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10 People Who Became Famous by Accident

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10 People Who Became Famous by Accident

Via gopixpic.com

While the media maintains a watchful eye of those celebrities that are famous for something, be it entertainment, fashion or sports, they also give credence to promoting the fame of other, less worthy candidates, famous for being rich, or famous for being famous. A few socialites come to mind. While the immense glare of the media and the incessant proliferation of the cult of celebrity is a touchy subject, these famous people know what they are getting into, signing up for the potentially negative aspects of fame when they took that movie role, signed that record deal, or spent a lot of mommy and daddy’s money.

There are other types of celebrities as well, the regular folk who are simply in the right (or wrong) place at the right (or wrong) time. The media latches onto these accidental celebrities just at tightly as a movie star, but for a fraction of the time. For their part, the ten accidental celebrities on this list both either took their 5 minutes of fame in stride, ignored it, or in some cases attempted to prolong it to little avail. Here are ten people who got famous by accident, and most often for no good reason at all.

10. Lydia Callis

Via nytimes.com

Via nytimes.com

Sign language isn’t something one would really expect to find themselves inadvertently becoming famous for, but when Lydia Callis was tasked with signing New York Mayor Michael Bloomberg’s speech in preparation for Hurricane Sandy, her animated signing caught the attention of more than just worried residents. Though Lydia disliked the attention her signing brought her, stating her job was to “interpret the news, not make it,” that didn’t stop images of her facial expressions making the rounds on the Internet through Tumblr and Twitter. Callis was also parodied on Saturday Night Live, a one-time high honor. To her credit, Lydia Callis has used her more visible profile to advocate for the deaf via the New York Public Library.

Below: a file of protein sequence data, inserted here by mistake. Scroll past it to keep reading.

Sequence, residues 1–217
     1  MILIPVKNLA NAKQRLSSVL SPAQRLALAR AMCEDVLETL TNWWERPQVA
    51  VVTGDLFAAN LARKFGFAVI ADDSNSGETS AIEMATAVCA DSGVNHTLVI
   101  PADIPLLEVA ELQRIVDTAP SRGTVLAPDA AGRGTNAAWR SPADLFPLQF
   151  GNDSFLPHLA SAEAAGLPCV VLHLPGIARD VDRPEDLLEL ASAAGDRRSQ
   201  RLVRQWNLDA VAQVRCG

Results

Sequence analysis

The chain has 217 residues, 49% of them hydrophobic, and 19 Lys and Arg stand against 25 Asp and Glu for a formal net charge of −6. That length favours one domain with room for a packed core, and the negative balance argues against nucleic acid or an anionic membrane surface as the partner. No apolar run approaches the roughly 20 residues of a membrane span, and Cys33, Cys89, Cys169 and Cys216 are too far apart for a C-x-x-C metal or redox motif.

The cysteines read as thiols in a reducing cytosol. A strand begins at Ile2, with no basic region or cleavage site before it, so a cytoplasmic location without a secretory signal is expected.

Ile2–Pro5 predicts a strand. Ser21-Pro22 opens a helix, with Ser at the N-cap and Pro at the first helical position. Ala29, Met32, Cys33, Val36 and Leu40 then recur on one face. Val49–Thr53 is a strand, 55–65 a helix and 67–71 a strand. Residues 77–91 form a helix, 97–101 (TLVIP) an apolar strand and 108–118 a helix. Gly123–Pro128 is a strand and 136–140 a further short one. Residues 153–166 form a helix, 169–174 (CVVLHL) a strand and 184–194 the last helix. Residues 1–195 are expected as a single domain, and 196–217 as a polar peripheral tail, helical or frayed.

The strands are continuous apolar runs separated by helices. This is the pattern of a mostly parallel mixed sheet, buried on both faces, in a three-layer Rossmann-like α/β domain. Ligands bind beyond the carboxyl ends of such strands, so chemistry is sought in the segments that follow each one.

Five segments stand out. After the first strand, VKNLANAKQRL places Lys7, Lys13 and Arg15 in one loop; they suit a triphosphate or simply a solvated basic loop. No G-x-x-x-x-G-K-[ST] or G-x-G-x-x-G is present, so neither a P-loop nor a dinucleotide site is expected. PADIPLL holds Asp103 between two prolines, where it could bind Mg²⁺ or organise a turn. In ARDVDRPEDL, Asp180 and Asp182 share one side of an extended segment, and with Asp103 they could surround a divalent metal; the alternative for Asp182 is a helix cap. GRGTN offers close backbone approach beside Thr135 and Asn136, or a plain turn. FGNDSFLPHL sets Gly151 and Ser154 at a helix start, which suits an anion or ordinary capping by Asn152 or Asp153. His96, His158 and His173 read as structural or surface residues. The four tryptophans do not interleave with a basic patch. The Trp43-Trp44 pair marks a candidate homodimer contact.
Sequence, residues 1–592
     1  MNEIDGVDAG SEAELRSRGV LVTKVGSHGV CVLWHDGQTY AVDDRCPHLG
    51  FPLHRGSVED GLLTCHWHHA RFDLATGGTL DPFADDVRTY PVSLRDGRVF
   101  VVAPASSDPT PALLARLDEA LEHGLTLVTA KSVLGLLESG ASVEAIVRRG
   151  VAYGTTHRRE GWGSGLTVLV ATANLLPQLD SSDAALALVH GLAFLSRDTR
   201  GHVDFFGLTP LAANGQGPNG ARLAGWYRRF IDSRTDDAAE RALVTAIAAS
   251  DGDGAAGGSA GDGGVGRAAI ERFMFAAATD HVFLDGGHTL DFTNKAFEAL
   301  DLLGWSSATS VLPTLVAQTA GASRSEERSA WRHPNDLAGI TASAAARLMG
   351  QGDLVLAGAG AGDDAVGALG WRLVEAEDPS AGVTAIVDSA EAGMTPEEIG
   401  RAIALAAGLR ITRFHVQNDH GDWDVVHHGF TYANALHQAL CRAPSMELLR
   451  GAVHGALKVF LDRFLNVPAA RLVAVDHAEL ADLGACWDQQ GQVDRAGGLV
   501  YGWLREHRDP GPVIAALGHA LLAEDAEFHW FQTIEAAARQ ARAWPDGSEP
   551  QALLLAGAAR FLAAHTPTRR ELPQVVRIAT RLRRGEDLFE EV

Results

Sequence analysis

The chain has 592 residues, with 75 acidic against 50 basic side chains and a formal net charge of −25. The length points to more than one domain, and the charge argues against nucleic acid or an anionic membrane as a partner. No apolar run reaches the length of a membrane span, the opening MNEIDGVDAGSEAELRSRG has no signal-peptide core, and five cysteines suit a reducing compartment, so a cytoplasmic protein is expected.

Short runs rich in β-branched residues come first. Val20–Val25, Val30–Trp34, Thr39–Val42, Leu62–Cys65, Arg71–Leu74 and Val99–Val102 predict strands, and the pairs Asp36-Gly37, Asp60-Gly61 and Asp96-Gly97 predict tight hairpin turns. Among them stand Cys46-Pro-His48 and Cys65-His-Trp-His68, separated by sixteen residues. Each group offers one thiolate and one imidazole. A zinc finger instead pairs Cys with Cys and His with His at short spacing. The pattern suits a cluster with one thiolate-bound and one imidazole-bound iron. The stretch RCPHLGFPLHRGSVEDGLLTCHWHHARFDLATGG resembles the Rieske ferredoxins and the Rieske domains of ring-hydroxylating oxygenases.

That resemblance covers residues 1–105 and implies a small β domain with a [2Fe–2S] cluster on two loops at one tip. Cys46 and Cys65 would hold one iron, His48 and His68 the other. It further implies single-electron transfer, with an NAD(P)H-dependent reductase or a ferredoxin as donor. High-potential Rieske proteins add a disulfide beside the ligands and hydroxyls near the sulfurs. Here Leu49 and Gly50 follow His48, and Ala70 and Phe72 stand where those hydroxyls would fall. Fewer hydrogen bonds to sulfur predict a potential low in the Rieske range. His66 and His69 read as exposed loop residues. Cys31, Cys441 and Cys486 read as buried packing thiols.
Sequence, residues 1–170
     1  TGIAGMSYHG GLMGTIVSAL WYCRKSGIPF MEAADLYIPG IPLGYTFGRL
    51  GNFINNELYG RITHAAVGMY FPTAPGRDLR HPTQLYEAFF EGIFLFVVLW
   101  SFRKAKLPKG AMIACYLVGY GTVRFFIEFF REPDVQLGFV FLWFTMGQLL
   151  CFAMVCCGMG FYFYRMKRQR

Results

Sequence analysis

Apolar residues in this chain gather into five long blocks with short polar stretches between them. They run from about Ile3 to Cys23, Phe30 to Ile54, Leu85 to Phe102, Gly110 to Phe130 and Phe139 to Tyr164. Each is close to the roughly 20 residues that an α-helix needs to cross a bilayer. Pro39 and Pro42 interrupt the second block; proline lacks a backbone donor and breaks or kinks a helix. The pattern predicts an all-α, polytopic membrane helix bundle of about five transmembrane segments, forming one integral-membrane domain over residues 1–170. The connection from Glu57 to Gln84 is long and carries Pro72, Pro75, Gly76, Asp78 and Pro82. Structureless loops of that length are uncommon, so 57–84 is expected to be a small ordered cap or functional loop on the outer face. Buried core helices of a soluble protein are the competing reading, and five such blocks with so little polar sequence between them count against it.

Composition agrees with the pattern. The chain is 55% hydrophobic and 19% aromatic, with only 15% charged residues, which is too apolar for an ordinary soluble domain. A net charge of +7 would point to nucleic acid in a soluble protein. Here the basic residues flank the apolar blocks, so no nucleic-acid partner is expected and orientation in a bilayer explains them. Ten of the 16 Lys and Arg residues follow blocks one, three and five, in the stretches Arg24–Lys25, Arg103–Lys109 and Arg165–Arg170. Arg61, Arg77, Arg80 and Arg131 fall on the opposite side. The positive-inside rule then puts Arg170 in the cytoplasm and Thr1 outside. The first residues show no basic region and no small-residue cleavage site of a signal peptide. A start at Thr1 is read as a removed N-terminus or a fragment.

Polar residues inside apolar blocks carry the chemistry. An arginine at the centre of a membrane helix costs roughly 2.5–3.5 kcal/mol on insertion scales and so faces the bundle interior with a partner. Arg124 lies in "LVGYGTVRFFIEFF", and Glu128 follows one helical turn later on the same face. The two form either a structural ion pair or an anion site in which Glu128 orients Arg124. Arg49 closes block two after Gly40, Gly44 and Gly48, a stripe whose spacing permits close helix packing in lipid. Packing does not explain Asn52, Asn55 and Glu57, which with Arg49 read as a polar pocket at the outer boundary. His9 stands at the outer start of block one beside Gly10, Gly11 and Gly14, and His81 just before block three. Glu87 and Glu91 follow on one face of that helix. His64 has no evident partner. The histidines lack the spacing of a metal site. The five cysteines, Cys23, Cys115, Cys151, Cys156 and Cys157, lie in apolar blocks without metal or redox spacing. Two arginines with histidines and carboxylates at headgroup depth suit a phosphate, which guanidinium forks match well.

9. Paul Vasquez

Via en.wikipedia.org

Via en.wikipedia.org

Has a rainbow ever made you cry? If so, you’re not alone. Back in 2010 Paul Vasquez was in Yosemite National Park when he took a video of a double rainbow. Vasquez was so moved by the rainbows that he was brought to tears. Later, he posted the video on YouTube as the user Hungrybear9562, where not many paid it much notice. That is until late night talk show host Jimmy Kimmel Tweeted the video, after an intrepid staffer of his saw it. From there the video took off virally, and Paul Vasquez, former truck driver and firefighter, was contacted by Microsoft, who used his double rainbow video in promotional material for the Windows Live Photo Gallery application.

8. Doge

Via knowyourmeme.com

Via knowyourmeme.com

Ok, while not necessarily a human that became famous by accident, when your face becomes stamped on a coin because of an Internet meme, you belong on this list. Known as Doge, Kabosu is an eight-year-old Shiba Inu rescue dog living in Japan. The dog’s owner is teacher Atsuko Sato who writes a widely read blog about her pets. Unbeknownst to her, one of her photos of Kabosu was lifted from the site and turned into a meme. The meme was simple, and in reality, kind of absurd, superimposing grammatically incorrect, broken English over top of pictures of the dog.

Like most things that blow up online, it was simple, crazy, and wildly successful. What’s even crazier? When the Jamaican bobsled team couldn’t raise enough money to travel to Russia for the Sochi Olympics, a group of supporters launched DogeCoin, a Bitcoin-inspired online currency. The memes showcasing Doge bobsledding are priceless, but the $25,000 DogeCoin raised for the Jamaican bobsled team was all cold hard cash, securing Doge, the Internet meme’s legacy beyond mere pop culture.